The Jones Act is a federal maritime law that provides benefits to workers who are injured on sea going vessels on navigable waters and offshore oil rigs which can be towed and are not permanently affixed to the ocean floor. Whether you are a seaman, an officer, a harbor pilot, an oil worker, a technician, a helicopter pilot, work on a tugboat, barge, ship, supply boat, semi-submersible drilling rig, jack-up drilling rig or if you become injured on or near the water, you should talk to a lawyer before making a claim or as soon as possible thereafter. Benefits include maintenance and cure. Maintenance is daily pay to workers who are unable to work pursuant to doctor's orders. Cure includes medical care, doctors, hospitals and prescriptions drugs.
Don't make the mistake of thinking that a Maritime Law case is a workers' compensation case. Workers' Compensation laws are passed by the various States with relatively small cash settlements. The Jones Act is a federal law involving very high cash settlements if the slightest negligence is involved or unseaworthiness of the vessel. There is no State or federal agency involved in the administration of claims unlike workers' compensation and Longshore-Harbor Worker Act. Injured workers covered under the this law should be careful about making claims under workers' compensation or the Longshore-Harbor Workers' Act. It is possible to lose rights if the worker elects benefits under other laws. If you have mistakenly made a claim under the wrong law, call us immediately to see if we can put things right. Settlements in maritime law cases can be significant and the law complex. Injured workers should consult with a lawyer early in the case and be aware of the employer's desire to minimize their losses.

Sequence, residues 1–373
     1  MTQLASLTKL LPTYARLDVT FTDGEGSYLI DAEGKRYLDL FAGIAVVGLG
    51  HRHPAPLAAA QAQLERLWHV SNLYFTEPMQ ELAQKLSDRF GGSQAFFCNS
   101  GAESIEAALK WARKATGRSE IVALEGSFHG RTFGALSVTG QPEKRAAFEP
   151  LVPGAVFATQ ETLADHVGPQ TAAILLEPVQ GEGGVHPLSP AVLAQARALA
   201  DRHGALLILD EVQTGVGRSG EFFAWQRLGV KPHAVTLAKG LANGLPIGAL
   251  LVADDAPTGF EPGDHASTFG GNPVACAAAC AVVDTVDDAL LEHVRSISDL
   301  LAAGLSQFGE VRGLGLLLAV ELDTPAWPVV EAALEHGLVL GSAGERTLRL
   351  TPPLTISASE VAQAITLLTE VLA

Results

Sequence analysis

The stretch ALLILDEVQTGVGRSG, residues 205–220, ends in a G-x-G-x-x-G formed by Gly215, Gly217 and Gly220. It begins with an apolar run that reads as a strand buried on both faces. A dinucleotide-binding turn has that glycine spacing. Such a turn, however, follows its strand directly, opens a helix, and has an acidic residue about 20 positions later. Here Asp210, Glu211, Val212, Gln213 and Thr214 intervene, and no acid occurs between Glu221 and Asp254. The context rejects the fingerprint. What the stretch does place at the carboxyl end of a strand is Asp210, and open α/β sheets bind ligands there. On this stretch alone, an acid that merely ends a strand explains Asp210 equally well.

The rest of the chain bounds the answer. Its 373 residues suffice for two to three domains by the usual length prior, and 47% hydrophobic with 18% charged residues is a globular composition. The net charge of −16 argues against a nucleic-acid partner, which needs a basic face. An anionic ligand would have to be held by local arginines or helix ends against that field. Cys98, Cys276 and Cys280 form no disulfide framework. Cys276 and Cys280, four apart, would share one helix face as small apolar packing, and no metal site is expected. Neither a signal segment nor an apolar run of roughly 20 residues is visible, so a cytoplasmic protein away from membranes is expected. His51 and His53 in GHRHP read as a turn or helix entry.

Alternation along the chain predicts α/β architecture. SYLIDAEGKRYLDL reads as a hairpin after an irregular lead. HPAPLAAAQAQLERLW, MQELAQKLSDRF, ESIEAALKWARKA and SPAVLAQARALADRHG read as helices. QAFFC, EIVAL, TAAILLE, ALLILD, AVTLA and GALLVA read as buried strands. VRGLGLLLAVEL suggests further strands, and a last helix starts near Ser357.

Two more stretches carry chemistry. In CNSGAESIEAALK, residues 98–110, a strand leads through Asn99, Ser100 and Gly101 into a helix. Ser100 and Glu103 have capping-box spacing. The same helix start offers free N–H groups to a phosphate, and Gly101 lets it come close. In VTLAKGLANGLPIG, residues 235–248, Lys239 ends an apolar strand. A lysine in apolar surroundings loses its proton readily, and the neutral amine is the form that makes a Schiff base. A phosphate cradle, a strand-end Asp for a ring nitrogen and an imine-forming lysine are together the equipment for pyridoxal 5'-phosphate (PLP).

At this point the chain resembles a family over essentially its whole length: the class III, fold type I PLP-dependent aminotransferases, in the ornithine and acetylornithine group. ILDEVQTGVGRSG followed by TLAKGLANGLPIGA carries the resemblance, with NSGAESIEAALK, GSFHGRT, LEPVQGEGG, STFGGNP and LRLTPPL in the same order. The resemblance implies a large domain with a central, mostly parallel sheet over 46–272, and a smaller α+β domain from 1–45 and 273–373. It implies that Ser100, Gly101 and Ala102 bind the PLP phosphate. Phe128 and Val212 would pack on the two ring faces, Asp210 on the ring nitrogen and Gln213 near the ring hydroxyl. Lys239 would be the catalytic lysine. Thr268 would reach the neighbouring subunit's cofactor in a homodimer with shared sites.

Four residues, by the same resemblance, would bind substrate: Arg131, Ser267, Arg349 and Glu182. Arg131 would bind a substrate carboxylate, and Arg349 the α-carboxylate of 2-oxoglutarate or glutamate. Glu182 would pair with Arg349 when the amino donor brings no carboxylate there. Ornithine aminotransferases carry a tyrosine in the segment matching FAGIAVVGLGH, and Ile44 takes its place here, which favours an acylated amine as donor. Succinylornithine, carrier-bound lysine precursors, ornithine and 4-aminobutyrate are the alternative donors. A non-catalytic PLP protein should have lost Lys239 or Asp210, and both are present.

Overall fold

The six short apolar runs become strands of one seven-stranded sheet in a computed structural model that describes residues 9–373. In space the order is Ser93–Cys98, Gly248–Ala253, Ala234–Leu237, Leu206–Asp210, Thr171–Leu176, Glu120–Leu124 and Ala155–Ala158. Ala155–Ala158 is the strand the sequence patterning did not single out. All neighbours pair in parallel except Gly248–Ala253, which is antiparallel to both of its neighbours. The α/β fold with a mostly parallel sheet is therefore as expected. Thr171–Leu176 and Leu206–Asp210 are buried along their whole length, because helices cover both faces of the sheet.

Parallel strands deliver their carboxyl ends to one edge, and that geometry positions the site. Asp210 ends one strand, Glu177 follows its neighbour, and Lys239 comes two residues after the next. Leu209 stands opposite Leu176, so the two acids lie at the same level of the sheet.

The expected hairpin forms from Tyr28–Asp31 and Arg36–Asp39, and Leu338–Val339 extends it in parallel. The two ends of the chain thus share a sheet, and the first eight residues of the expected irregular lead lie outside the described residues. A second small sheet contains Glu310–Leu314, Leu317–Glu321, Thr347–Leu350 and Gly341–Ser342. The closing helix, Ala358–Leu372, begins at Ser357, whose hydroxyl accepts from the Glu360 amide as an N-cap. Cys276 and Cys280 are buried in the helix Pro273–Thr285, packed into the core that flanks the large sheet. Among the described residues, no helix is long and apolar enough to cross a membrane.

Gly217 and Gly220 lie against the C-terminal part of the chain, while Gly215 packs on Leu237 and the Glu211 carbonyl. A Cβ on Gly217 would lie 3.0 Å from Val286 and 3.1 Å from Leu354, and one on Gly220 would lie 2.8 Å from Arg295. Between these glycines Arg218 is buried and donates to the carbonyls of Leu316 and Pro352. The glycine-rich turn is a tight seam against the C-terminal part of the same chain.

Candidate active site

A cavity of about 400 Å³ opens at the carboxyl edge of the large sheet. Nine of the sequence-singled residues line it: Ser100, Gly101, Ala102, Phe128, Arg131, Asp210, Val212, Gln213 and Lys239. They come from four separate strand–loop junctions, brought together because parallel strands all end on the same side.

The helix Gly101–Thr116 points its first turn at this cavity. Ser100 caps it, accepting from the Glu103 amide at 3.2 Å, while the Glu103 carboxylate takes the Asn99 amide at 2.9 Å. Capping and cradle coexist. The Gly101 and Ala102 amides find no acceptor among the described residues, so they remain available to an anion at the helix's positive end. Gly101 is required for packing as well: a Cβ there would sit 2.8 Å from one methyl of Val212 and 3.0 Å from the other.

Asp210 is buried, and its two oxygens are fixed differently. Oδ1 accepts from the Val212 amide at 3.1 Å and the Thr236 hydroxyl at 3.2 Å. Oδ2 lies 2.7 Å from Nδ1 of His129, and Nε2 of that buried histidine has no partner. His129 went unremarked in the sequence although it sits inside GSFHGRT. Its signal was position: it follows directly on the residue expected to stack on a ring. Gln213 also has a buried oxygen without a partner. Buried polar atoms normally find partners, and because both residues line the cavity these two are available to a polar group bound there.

Maintenance under the Jones Act means a daily compensation to cover the cost of basic food and shelter that the seaman would have received aboard the vessel while on duty. Maintenance rates are low and typically range from $15 to $50 per day.
Cure, as provided under the Jones Act, includes medical treatment, prescription medications, therapy, doctor visits, nursing services, hospital expenses and other necessary treatment in the course of recovery until the seaman reaches maximum medical improvement.
Once an injured worker reaches a point in his recovery after which he will not improve any further, or if he is permanently disabled and treatment will no longer improve his condition, then he has reached maximum medical improvement. At this time, maintenance and cure payments end. Even if an injured still needs medication or treatment to control pain, once his physical condition has reached its maximum medical improvement these benefits will cease.
No, you are either a seaman under the Jones Act or you are a Longshore or Harbor Worker covered under the LHWCA or Longshore-Harbor Workers' Compensation Act. The law in these two areas is very complicated. You should consult with an attorney who is knowledgeable in the field of maritime claims with experience handling Jones Act cases to determine your proper status under the law. You may only recover under one of these legal remedies and cannot afford to waste time pursuing the wrong cause of action.